Tuesday, March 08, 2005
But success bred change. Along has come a new group of bloggers who aren’t mere “citizens” at all. On the left side, some of these became deeply enmeshed with political parties, “527s,” and campaign advocacy groups -- and are now a new generation of no-holds-barred partisans and major party fund-raisers, the liberal equivalent of George W. Bush’s “Rangers” and “Pioneers.” On the right, a number of these bloggers were already political operatives or worked at long-standing movement institutions before taking up residence online. They are, at best, the intellectual heirs of L. Brent Bozell of the Media Research Center and Reed Irvine, who founded the ultraconservative, media-hounding nonprofit organization Accuracy In Media (AIM) in 1969 as part of the first generation of post–Barry Goldwater right-wing institutions. At worst, they're the protégés of conservative fund-raiser Richard Viguerie and dirty-tricks master Morton Blackwell, who has tutored conservative activists since 1965, most recently mocking John Kerry at the Republican national convention by distributing Band-Aids with purple hearts on them.
Which brings us back to Jordan. He was brought down not by outraged citizen-bloggers but by a mix of GOP operatives and military conservatives. Easongate.com, the blog that served as the clearinghouse for the attack on CNN, was helped along by Virginia-based Republican operative Mike Krempasky. From May 1999 through August 2003, Krempasky worked for Blackwell as the graduate development director of the Leadership Institute, an Arlington, Virginia–based school for conservative leaders founded by Blackwell in 1979. The institute is the organization that had provided “Gannon” with his sole media credential before he became a White House correspondent. It also now operates “Internet Activist Schools” designed to teach conservatives how to engage in “guerilla Internet activism.”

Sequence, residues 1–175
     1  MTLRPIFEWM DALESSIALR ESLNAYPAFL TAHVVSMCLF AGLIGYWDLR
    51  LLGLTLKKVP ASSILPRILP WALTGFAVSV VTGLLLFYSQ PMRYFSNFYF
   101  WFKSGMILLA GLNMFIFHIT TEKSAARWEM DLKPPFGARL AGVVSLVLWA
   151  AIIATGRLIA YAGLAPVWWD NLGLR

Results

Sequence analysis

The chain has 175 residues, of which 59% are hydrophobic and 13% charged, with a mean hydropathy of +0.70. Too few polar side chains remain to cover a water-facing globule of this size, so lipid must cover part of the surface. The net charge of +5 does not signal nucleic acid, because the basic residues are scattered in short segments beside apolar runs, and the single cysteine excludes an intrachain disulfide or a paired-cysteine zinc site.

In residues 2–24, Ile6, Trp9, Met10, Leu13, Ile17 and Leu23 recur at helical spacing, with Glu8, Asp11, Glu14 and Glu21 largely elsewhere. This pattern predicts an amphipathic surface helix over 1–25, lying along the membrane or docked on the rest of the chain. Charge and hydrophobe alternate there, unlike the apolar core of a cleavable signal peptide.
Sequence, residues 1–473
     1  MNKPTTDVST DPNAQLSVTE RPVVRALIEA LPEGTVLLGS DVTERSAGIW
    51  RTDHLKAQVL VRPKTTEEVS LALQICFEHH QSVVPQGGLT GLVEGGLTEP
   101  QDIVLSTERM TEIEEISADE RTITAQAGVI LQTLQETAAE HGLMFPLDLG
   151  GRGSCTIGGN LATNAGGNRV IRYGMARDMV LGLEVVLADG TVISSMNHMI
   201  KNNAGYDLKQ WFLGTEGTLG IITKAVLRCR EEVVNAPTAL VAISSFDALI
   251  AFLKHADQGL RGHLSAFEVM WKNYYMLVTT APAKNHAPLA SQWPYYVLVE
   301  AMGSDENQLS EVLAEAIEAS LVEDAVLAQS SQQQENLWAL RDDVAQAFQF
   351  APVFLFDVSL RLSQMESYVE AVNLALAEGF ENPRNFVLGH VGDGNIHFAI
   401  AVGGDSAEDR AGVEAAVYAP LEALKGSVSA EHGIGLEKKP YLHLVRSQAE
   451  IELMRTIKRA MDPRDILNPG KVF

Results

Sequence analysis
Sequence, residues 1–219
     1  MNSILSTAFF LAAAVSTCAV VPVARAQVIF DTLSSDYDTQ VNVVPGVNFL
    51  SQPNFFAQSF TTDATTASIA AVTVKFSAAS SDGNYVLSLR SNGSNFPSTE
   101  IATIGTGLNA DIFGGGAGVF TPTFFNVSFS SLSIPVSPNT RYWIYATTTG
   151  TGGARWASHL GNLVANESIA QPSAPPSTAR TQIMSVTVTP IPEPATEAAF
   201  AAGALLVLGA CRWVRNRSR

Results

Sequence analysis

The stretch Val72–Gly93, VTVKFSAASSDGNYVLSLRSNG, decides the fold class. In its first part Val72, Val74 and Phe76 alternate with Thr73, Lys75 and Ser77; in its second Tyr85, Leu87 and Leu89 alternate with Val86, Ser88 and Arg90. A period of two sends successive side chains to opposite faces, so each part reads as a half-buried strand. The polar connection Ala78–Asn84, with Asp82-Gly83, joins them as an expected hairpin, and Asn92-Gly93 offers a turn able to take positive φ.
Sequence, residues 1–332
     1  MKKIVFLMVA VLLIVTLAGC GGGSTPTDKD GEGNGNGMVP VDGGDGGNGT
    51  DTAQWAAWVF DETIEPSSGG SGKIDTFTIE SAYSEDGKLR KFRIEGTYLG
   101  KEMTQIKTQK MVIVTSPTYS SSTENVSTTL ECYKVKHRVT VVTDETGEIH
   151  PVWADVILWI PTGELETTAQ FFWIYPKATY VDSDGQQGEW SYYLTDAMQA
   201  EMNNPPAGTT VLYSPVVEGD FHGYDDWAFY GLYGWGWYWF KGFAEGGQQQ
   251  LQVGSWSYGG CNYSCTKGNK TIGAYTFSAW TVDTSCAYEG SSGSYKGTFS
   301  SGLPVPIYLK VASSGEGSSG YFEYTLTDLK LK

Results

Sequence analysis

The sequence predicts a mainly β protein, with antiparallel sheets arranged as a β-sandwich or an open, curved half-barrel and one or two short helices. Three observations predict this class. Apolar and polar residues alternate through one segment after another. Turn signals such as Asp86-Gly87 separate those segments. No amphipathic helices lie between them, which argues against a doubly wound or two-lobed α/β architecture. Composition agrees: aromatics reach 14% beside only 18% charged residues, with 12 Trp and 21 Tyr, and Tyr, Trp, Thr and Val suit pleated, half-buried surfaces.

Indeed, Krempasky could be found teaching this Internet activism course one recent February weekend to about 30 young conservatives at the Conservative Political Action Conference (CPAC) in Washington. “He advocated that people write from their experience -- and not necessarily as conservatives,” a Democratic consultant who attended the seminar incognito told me. For example, Krempasky told “a conservative firefighter” that he should write about firefighting because that would be of interest to readers. Using that angle, he could build an audience. And if push ever came to shove, he could respond to an online dogfight from the unassailable position of being a firefighter -- and not as just another conservative ideologue. Krempasky then offered to help all the attendees set up their own blogs. “We’re definitely in serious trouble,” said the Democratic attendee.